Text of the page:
Hardline American diplomat handed top job in Baghdad

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The Independent Online

Britain and the United States are to appoint top-level diplomats to become their first ambassadors to Iraq as part of the transfer of sovereignty to a new interim government. The handover is still scheduled for 30 June, despite the continuing insurgency in the country.

Britain and the United States are to appoint top-level diplomats to become their first ambassadors to Iraq as part of the transfer of sovereignty to a new interim government. The handover is still scheduled for 30 June, despite the continuing insurgency in the country.

George Bush is believed to have chosen his ambassador to the United Nations, John Negroponte, to head a US embassy in Baghdad that will number about 3,000 people.

Mr Negroponte, 64, has a reputation as a hardened diplomat who attracted considerable controversy as the US ambassador to Honduras in the early Eighties when he was instrumental in assisting the Contras overthrow a leftist regime in Nicaragua. He has always denied allegations that he turned a blind eye to human rights violations, including death squads, in the region in that period.

The new British ambassador, who is working in London, has also been selected but not named. He or she will replace David Richmond, who took over the role in Baghdad after the recent departure of Sir Jeremy Greenstock.

The appointments represent the first efforts by London and Washington to lay down the pieces of the dauntingly complicated diplomatic and political jigsaw from which the shape of a post-30 June Iraq is meant eventually to emerge. The final package would be approved by a United Nations resolution.

How that jigsaw will look will depend on recommendations expected later this week from Lakhdar Brahimi, the UN's special envoy, who has just completed 10 days of talks with the country's various factions on what kind of interim government might be practicable.

In Baghdad yesterday, Mr Brahimi, a former Algerian foreign minister, indicated for the first time that he favoured convening a conference inside Iraq in early July, soon after the proposed handover of sovereignty, to elect an advisory council to assist whatever interim government was in place.

Diplomatic sources in New York said the government was likely to comprise heads of 10 to 12 new ministries in Baghdad plus a prime minister. It is not clear who would select those figures, although it would be likely come down to Mr Brahimi himself. Sources said he would try to fill the ministerial posts with Iraqi technocrats rather than religious or political figures.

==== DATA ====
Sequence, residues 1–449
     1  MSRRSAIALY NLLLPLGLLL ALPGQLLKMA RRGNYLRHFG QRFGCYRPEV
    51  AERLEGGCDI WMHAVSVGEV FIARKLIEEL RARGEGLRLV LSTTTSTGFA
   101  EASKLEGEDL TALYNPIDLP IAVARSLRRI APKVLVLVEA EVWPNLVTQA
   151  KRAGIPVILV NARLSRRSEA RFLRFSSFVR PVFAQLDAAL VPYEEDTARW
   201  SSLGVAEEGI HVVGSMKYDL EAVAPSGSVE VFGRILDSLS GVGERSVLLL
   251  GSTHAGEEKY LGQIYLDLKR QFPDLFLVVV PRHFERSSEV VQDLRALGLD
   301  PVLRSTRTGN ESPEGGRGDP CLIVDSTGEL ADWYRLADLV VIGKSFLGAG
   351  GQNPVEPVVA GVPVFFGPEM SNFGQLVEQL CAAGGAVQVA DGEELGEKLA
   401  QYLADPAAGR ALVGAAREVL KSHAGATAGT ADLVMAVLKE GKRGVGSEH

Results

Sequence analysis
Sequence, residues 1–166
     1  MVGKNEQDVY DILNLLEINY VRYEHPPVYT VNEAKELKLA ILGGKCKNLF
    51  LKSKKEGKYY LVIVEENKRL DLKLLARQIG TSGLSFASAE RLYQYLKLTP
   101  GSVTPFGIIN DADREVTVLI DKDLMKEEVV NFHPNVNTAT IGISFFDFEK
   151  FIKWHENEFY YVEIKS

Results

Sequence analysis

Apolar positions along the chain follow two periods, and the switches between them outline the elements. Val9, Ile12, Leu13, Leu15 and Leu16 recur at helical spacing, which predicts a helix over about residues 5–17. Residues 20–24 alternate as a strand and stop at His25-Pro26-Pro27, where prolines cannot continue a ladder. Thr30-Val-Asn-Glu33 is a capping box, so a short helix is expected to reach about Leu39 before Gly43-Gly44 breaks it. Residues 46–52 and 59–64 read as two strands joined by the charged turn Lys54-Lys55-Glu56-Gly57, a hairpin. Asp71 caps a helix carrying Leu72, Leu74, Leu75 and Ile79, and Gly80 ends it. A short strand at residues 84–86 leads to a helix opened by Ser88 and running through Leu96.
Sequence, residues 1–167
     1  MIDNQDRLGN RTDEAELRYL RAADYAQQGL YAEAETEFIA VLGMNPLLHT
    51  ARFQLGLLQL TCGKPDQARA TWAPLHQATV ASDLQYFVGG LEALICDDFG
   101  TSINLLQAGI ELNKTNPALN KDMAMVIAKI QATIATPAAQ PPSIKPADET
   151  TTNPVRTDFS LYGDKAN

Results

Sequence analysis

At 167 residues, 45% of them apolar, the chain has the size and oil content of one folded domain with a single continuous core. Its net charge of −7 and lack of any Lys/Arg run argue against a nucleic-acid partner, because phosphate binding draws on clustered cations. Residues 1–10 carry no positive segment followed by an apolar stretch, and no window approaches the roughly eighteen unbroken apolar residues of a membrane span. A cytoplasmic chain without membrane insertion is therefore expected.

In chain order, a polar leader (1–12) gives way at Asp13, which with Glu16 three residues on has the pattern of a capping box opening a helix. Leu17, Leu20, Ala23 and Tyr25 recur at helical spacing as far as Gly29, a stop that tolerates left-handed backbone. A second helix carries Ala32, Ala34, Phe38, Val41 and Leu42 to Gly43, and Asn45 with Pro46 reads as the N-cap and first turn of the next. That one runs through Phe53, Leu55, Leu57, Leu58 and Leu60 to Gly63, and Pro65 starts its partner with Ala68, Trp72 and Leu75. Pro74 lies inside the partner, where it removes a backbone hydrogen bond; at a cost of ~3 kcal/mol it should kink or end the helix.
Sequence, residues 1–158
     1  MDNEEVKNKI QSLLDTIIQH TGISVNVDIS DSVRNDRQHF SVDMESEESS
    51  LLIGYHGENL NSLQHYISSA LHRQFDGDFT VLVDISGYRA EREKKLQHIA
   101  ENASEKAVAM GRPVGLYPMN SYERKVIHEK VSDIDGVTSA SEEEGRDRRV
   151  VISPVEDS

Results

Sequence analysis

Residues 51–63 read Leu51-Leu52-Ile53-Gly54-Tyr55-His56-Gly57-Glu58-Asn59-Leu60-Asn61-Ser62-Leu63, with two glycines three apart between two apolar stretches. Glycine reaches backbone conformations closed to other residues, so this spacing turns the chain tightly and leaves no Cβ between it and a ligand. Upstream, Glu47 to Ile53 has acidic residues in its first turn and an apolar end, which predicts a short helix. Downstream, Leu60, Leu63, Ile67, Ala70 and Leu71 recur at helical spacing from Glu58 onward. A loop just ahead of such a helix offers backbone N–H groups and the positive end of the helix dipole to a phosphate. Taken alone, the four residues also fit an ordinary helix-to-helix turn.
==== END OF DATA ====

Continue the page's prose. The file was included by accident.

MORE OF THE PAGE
In addition, Mr Brahimi is said to favour finding three more elevated personalities in Iraq who together would form some kind of presidency for the new country, primarily representing its interests abroad. It is probable those figures would come one each from the Shia, Sunni and Kurd factions.

The exercise will be portrayed by London and Washington as the technical ending of the occupation. Symbolic of it will be the withdrawals of Paul Bremer, the American in control of the occupation, and of Mr Richmond, who has been in Baghdad for almost a year.

The workability of the proposed plan, as well as the futures of the Allied forces in Iraq and of the UN itself, will be at the heart of discussions in New York this evening between Tony Blair and Kofi Annan, the UN secretary general. Mr Blair will meet Mr Bush in Washington tomorrow.

The proposed UN resolution will seek to endorse the interim government and provide approval for the continuing presence after 30 June of the US-led military force in Iraq. It will also detail what Washington hopes will be a key role in the country for the UN, in arranging elections that are tentatively set for January next year. It is not clear, however, that the UN will agree to re-engage in Iraq.

Outlining his idea for a conference in July, Mr Brahimi insisted that the "all-important aim is promoting national dialogue, consensus-building and national reconciliation in Iraq".

The advisory council that he envisages will not make laws, but advise the ministers and prime minister. His plan seems to include eliminating the Iraqi Governing Council. Washington wants to create a government by expanding its numbers.

Mr Brahimi expressed confidence that a caretaker government could be installed in time for 30 June, but he emphasised the importance of full-blown elections. There is "no substitute for the legitimacy that elections provide", he told a news conference. But, casting doubt on whether they could be held next January, he said, the "security situation must considerably improve before elections can take place". Diplomats admit that problems remain, particularly on detailing the relationship between the government and the multinational force that will still remain.

The occupation has been marked by differences between the Americans and the British over tactics in Iraq, although British officials yesterday played down suggestions of a rift between Mr Bremer and Sir Jeremy, who is said to have been frustrated by his advice being disregarded. Sir Jeremy is understood to have been angered by a report that there were personal tensions between him and Mr Bremer.

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